One of the most common aspects of pectus deformity is abnormality of the associated ribcage. This typically affects the lower ribs and the lower edge of the ribcage (the costal arch or margin).
There is a lot of variation in the shape of the costal margin and its shape can change with age, differs in men and women and in body shape particularly central obesity (truncal or abdominal obesity affecting the midriff also known as belly fat). In both pectus excavatum and carinatum as well as mixed deformities the lower ribs can be flared where the ribs and the costal margin either on one (usually the left) or both sides are pulled upwards and stick out. Often Rib flaring can often appear to be the most significant deformity associated with otherwise a minor pectus excavatum or carinatum deformity. Rib flaring can also appear to be isolated without any other obvious abnormality.
Costal margin is made up of the anterior cartilaginous parts of the lower rib cage and is commonly affected in pectus deformities - (Created for the Pectus Clinic by AnatomikModeling)
Variation in the shape of the costal margin based on age, gender and physique
Chest CT reconstruction of young woman with left sided pectus carinatum (red arrows) and mild rib flare on left (blue arrows) and some rib flattening (green arrow)
Bilateral rib flare showing a right sided costal arch with a dip (or deficit) (arrow in green) where the lower costal arch has not formed completely. In this case it was associated with slipped rib syndrome. NOTE: Incidental pectus Excavatum.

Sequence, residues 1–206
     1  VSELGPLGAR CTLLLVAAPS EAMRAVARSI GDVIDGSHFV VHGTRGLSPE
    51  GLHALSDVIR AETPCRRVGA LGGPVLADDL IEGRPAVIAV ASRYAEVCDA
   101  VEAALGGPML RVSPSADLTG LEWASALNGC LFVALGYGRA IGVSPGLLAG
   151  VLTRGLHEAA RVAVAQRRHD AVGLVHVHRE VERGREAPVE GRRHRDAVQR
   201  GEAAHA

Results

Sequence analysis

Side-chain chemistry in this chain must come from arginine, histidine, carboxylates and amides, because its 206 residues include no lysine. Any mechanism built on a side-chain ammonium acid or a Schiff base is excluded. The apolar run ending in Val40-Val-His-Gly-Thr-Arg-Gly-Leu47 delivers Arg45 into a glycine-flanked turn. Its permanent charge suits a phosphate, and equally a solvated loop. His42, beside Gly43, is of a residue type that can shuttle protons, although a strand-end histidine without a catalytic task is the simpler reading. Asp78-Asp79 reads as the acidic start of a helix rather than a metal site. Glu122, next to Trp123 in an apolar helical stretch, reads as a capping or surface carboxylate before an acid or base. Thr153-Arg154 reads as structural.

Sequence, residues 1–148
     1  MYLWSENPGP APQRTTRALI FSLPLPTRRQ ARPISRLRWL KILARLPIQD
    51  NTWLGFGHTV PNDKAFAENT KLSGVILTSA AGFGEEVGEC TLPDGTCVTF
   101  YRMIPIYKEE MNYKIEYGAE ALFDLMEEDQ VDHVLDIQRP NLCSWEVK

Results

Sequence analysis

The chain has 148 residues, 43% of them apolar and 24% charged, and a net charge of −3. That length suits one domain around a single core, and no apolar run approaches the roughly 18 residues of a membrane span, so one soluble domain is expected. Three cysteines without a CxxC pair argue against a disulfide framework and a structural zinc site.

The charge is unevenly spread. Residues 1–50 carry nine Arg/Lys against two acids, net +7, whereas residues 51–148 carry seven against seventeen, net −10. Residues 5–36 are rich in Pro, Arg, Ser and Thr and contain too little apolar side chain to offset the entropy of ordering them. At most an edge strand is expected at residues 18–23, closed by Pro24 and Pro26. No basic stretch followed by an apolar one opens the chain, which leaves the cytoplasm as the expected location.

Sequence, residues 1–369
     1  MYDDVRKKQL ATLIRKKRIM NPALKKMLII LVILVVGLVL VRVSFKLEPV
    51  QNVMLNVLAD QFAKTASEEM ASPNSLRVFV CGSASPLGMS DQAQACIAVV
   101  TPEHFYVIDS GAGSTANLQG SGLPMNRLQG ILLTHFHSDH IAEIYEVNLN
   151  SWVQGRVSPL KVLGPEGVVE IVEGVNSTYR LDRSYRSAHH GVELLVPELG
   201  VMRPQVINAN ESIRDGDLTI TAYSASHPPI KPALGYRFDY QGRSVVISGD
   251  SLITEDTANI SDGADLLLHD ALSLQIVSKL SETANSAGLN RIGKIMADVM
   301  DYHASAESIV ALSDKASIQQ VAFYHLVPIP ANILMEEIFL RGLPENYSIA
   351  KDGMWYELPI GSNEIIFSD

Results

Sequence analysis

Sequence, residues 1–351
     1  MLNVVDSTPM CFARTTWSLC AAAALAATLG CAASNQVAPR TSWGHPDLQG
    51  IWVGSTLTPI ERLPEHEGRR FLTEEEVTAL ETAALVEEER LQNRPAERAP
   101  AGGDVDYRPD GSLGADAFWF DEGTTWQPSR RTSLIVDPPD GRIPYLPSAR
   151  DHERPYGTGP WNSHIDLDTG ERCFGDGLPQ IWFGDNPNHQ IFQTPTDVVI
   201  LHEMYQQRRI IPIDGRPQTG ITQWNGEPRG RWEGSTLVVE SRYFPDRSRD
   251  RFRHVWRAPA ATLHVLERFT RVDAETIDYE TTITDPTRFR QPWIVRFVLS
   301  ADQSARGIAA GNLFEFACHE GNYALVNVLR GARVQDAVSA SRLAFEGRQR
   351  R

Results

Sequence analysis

Bilateral rib flare in a young man with no symptoms or other issues
Rib flaring and pectus excavatum. There is a lot of discussion amongst doctors about the best treatment for significant rib flaring as the standard surgical treatment for a pectus excavatum, a NUSS procedure (see Surgery) may not improve rib flaring and some reports have suggested it may even make it more pronounced though once the pectus is corrected over time the flaring may become less apparent. Open (Ravitch or modified Ravitch) procedures in experienced surgical hands may improve the appearance but rib flaring remains a difficult area for the surgeon to tackle.
(A) pre-op chest CT scans showing pectus excavatum and left sided rib flare (red ring) and (B) before (left) and after (right) modified Ravitch procedure for severe pectus excavatum and left sided rib flare. See Testimonials.
Treatment for rib flare in either pectus excavatum or carinatum in young patients with flexible chest walls is a rib flare strap for milder cases or a rib flare brace for more severe cases. See Bracing treatment – rib flare.
Specific exercise regimes to target and develop core muscle groups particularly the oblique muscles (see picture) may offer the best chance of improving rib flaring but requires dedication and hard work. Physical therapy can be combined with the rib flare strap. See Bracing treatment – rib flare and treatment Physical Therapy.
Examples of rib flare in patients with Pectus Excavatum (A) and Pectus Carinatum (B)
Rib flattening of the lower rib cage, particularly with pectus carinatum can across occur between the sternum and cost margin. It is often on one side and gives its name to more severe forms of pectus carinatum Keel chest. Treatment with pectus bracing and guided physical therapy is effective in correcting. See Bracing treatment – rib flare and treatment Physical Therapy.
Pectus carinatum with some rib flattening on the right side of the chest (red rings) before pectus bracing treatment
And after pectus bracing treatment